Stallone: Samaritan is a "Cautionary Tale" About Superheroes

Sylvester Stallone's Samaritan is coming to Prime Video this week, marking the first time the superstar has taken a starring role in a superhero movie. The movie is a gritty, darker take on superhero universes than fans might be used to after a decade of Marvel Cinematic Universe dominance, and it seems like that's what attracted Stallone to the role. The actor, whose characters in movies like Rocky, Rambo, and Demolition Man have long bordered on the superhuman anyway, took the opportunity of headlining Samaritan and used it to humanize and de-mythologize the concept of the superhero a bit.

In the film, Stallone plays a secretive man who makes a living by picking through the trash, repairing old machines, and selling them for a profit. The backstory is, this is a world where there were once a pair of super-powered beings -- a hero, and a villain -- and both of them vanished on the same night, years ago, after having their final battle. So when the city starts descending into chaos, with criminal gangs that admire the villain Nemesis, the mysterious "Joe" is called upon to take back the streets...even if he doesn't really want to.

"You go, 'well how do we get rid of all this violence, and fear?'" Stallone said during a press conference last week. "And then, in the movies, it's always this mythic character. But in the end and I say to the people, you have to take care of yourself, that's what it's all about. So [Samaritan is] kind of a cautionary tale, that when you get rid of like your hero, then maybe you need a hero back, because you're just not ready to take on the responsibility."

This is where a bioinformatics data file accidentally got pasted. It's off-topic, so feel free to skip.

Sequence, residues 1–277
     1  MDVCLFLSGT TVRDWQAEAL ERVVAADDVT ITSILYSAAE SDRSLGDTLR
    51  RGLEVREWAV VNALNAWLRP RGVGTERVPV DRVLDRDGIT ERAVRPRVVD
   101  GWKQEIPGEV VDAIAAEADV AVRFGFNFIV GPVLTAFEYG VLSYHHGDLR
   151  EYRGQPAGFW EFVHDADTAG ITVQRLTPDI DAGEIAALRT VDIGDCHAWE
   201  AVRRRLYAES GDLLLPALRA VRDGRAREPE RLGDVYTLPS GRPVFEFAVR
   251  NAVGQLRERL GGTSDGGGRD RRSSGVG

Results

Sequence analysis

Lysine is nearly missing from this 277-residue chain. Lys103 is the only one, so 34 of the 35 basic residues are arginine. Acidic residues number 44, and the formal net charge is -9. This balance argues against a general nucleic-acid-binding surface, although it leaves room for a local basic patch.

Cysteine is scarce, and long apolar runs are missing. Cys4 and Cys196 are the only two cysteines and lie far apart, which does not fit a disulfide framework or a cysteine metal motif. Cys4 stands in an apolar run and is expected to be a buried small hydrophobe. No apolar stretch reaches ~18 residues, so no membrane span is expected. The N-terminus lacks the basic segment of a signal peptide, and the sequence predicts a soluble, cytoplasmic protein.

Stallone noted that the backstory presented at the start of Samaritan informs everything that happens after, noting that at the start of the movie, his character is doing his best to remain totally under-the-radar, far from wearing an armored suit and tearing up the streets in bloody superhero battles.  

"In this particular case, [Samaritan] had an issue that is so personal, that he couldn't face the facts, and that's why he disappeared. He thought, okay, why don't I just assume what people considered the most anonymous job in the world, a garbage man. No one pays any attention to these people. Yet when you think about them, without them, we're in big trouble. So there's all these metaphors in there."

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Samaritan debuts tomorrow on Prime Video.